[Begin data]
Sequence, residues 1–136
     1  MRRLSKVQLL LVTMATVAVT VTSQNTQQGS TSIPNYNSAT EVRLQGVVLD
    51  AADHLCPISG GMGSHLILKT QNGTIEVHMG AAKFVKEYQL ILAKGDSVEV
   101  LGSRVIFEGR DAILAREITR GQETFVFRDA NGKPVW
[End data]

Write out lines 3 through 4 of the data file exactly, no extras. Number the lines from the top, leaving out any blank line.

    51  AADHLCPISG GMGSHLILKT QNGTIEVHMG AAKFVKEYQL ILAKGDSVEV
   101  LGSRVIFEGR DAILAREITR GQETFVFRDA NGKPVW